More merry tales and political musing in the new Windsor

March 4, 1939.

March 4, 1939.

If breeziness be really the characteristic of the not always merry month of March, the early spring number of ‘The Windsor’ is certainly in keeping.

Its stories and articles, drawings and humorous features are all alive and vital, as fresh as the daffodils, as invigorating as the wind that frolics round the corner. One of the best of the stories is Weston Martyr’s ‘The Better Man’, a really funny yachting yarn of the little-known mud flats of the lower Thames estuary.

There are first class love stories, such as ‘The Surgeon who lost his heart in Monte Carlo,’ by Claude Lillington, and ‘Sergt. Blake and the Spider,’ by Showell Styles.

South Africans and all those who are interested in that great dominion have learnt to look for the stories of Alfred Kowie, of which ‘Scotchman’ in this issue is certainly one of the best and perhaps the funniest.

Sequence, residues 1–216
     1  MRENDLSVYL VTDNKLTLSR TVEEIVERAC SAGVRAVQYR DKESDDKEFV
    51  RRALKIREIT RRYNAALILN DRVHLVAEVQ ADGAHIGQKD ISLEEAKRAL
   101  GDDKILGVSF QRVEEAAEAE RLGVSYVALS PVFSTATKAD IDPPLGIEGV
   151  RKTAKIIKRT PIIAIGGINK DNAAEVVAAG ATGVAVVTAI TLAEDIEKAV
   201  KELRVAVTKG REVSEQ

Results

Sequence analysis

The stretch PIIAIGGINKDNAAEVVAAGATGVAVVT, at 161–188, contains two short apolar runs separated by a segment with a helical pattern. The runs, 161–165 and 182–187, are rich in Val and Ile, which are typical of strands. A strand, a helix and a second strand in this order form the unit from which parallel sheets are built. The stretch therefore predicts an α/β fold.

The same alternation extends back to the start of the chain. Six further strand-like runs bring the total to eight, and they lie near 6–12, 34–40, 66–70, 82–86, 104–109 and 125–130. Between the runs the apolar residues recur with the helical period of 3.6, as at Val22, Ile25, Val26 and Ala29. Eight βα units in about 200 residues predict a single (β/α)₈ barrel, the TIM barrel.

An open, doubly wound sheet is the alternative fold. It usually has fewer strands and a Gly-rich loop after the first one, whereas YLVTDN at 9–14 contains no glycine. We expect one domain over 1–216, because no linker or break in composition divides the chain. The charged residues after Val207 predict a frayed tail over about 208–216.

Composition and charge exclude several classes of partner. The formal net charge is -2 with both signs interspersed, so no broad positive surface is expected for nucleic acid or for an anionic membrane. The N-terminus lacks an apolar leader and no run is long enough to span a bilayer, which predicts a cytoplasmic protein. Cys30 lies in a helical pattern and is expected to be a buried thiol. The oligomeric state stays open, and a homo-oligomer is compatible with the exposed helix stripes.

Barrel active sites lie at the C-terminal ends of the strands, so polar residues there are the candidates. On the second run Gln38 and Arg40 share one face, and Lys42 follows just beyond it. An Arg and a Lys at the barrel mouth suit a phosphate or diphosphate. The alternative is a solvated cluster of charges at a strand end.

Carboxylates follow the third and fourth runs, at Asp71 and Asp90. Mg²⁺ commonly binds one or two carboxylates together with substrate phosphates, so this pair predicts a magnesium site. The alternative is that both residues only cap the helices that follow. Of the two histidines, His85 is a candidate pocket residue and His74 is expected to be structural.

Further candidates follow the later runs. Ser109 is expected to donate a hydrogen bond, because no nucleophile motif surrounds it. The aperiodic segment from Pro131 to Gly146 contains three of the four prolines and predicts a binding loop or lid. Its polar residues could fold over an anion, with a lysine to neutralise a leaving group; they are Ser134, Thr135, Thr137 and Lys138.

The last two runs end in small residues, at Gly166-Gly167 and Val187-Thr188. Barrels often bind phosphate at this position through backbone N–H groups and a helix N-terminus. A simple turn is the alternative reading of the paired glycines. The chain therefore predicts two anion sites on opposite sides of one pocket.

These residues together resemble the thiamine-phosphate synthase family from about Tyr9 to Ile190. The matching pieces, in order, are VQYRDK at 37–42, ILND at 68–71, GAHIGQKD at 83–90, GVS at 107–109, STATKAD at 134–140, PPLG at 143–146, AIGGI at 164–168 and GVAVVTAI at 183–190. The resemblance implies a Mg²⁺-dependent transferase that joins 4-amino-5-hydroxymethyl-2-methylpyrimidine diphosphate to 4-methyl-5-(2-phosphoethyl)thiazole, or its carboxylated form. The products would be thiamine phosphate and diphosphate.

Among the more serious features chief place must be given to Sir Charles Petrie’s interesting speculations as to ‘Possible Prime Ministers of the Future’, with especial reference to the younger generation who must inevitably ere long take the place of the current cabinet, owing to the dearth in all parties of men of ability between the ages of 40 and 55 which follows from the loss of the generation which lies in its graves in Flanders and elsewhere.

No one should miss this article or the many other excellent features to be found in this number of ‘The Windsor’.

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